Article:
Look-​up table for estimating the addition of two sound sources Total sound experience of listener 4 metres directly in front of speaker Table of direct sound and first reflections for the listeners at the four key locations of Nabratein Synagogue 1a 17.4 Total sound experience for listeners in two locations of Nabratein Synagogue 1b 19.1 Burial assemblage of Tomb 100 19.2 Burial assemblage (vessels) in Tomb 100 20.1 Select interpretations of the Phoenician, Punic, and Neo-​Punic title mqm ’ilm mtrḥ ‘štrny 26.1 Most prominent time periods, their word counts, and most common genres in our data for “seeing” in Akkadian 26.2 Summary of the semantic aspects of the Akkadian verbs, comparing Dicks (AD) and PMI 27.1 The five senses model 27.2 Selected examples of classifiers of perceptive verbs 27.3 THE MIND IS A BODY metaphor 27.4 Additional metaphors 27.5 Properties of the five sensory modalities 27.6 “to see” 27.7 “to hear” 27.8 Lexemes for haptic perception 27.9 Main verbal lexemes for olfactory sensation 27.10 UNDERSTANDING is TOUCHING metaphor

377 378 378 381 419 419 433 563 571 577 577 579 579 580 581 582 584 585 589



Richard H. Beal is Senior Research Associate on the Hittite Dictionary Project at the Oriental

Institute of the University of Chicago, USA, a project he has worked on since its inception in January 1976. After beginning Hittite at the University of Pennsylvania, USA, under James Muhly, he received his Ph.D. in Hittitology at the University of Chicago under Harry A. Hoffner and Hans Gustav Güterbock. He is author of The Organisation of the Hittite Military (1992) and many articles in academic journals. He is married to Assyriologist JoAnn Scurlock. Rick Bonnie is University Researcher in the Department of Cultures at the University of

Helsinki, Finland, and is associated as a vice-​team leader to the Centre of Excellence in Ancient Near Eastern Empires. He is the author of Being Jewish in Galilee, 100–​200 CE: An Archaeological Study (2019) and a co-​editor of The Synagogue in Ancient Palestine: Current Issues and Emerging Trends (2020). Dennis R. M. Campbell is an Associate Professor of History at San Francisco State University,

USA. His work focuses on the Late Bronze Age Near East with a focus on the Hurrians and Hittites. Previous publications have explored philological topics on the Hurrian language as well as historical research on the Hittites, Hurrians, and their place in the ancient world. Gaëlle Chantrain is currently a Post-​Doctoral Associate and Lecturer in Egyptology at the

Department of Near Eastern Languages and Civilization of Yale University, USA, and post-​ doctoral researcher in absentia at the National Fund for Scientific Research (FNRS), Belgium. She completed her M.A. degree at the University of Liege, Belgium, where she was also a collaborator on the Ramses Project. She completed her Ph.D. at the University of Louvain, Belgium, with a research fellowship from the FNRS. She has also held post-​doctoral positions at the Humboldt University in Berlin, Germany, and the Czech Institute of Egyptology of Charles University in Prague, Czech Republic. Her main research interests are Egyptian philology, lexical semantics, classifiers studies, cognitive linguistics, and semantic typology. Megan Cifarelli is Professor of Visual Studies and Art History at Manhattanville College, USA,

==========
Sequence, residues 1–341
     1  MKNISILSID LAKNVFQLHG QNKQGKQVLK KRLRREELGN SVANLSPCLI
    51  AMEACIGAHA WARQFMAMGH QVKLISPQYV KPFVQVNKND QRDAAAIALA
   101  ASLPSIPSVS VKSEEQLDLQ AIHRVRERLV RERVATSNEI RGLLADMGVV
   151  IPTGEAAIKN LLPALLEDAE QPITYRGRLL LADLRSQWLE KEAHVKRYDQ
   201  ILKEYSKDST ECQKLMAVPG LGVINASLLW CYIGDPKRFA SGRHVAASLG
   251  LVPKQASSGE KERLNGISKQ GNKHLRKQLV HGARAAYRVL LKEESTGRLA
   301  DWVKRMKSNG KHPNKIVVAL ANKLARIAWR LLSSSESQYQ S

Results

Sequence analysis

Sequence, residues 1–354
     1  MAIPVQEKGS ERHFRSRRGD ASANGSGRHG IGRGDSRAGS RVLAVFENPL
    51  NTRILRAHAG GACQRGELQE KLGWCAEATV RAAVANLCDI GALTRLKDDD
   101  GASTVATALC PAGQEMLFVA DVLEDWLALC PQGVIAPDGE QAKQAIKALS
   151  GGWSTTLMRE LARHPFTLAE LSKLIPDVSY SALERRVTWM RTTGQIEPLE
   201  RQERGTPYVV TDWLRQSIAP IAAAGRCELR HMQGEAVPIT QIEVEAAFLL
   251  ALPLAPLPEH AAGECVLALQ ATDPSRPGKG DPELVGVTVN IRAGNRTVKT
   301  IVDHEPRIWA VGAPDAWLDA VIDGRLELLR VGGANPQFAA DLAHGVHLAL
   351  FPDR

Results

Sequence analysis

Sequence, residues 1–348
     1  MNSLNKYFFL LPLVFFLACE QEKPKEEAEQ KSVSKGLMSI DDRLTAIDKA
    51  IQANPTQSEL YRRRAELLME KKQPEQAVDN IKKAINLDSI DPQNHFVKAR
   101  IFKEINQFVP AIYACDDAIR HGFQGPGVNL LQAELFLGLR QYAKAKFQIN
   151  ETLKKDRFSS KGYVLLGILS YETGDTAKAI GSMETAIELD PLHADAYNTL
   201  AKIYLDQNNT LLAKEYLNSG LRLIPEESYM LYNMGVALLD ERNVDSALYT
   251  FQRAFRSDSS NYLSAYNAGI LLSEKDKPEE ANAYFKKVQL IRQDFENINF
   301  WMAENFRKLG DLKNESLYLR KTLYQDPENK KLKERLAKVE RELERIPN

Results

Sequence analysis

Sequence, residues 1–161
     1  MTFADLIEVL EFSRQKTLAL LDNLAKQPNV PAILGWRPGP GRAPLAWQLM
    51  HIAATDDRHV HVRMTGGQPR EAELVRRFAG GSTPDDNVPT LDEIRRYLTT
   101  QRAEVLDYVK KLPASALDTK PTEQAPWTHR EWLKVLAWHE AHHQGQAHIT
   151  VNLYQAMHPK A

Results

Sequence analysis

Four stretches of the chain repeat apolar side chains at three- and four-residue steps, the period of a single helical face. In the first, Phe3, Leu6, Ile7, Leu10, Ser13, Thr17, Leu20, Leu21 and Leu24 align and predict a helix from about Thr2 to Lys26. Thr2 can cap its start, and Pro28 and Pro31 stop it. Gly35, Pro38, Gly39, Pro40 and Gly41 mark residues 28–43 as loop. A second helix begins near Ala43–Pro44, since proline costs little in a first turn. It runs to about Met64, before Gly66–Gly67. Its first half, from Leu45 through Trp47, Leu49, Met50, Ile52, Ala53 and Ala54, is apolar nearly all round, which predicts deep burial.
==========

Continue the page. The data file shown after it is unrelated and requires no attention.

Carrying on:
and a Consulting Scholar at the University of Pennsylvania Museum, USA. Her research focuses on applications of dress, gender, and archaeological theory to the visual and material cultures of the ancient Near East, particularly during the first millennium BCE . Sarah Kielt Costello is Associate Professor of Art History at the University of Houston –​Clear

Lake, USA. She is a specialist in the visual culture of early Western Asia. She is co-​editor and


List of contributors

contributor to Object Biographies: Collaborative Approaches to Ancient Mediterranean Art (2021), and Seals and Sealings in the Ancient World: Case Studies from the Near East, Egypt, the Aegean and South Asia (2018). Melissa S. Cradic received her Ph.D. from the University of California, Berkeley, USA, and is

Curator of the Badè Museum in Berkeley, CA, USA; Lecturer in the Department of History and Judaic Studies Program at the University at Albany, SUNY, USA; and NEH Postdoctoral Fellow at the Getty Research Institute in Los Angeles, USA (2021–2022). Her research and fieldwork investigate ancestor commemoration, embodiment, and the social status of the dead after burial in household contexts of the ancient Near East and eastern Mediterranean. She has held fellowships at Harvard University, USA; W. F. Albright Institute of Archaeological Research in Jerusalem, Israel; and University of Pennsylvania, USA. Camilla Di Biase-​ Dyson received her B.A. (Honours) and Ph.D. in Ancient History from

Macquarie University in Sydney, Australia, specialising in Egyptology (2008). She then held post-​ doctoral fellowships at the Humboldt-​Universität in Berlin, Germany, within the Excellence Cluster TOPOI and the Alexander von Humboldt Foundation (2009–​2012). She was Junior Professor for Egyptology at the Georg-​August-​Universität in Göttingen, Germany, from 2012–​ 2019; a research fellow at the Universität Wien, Austria, from 2019–​2020; and since April 2020 is Lecturer of Egyptology at Macquarie University, Australia. She works on Egyptian language, texts, medicine, and religion, from linguistics and cognitive perspectives. Helen Dixon is an interdisciplinary scholar of the ancient Mediterranean world specialising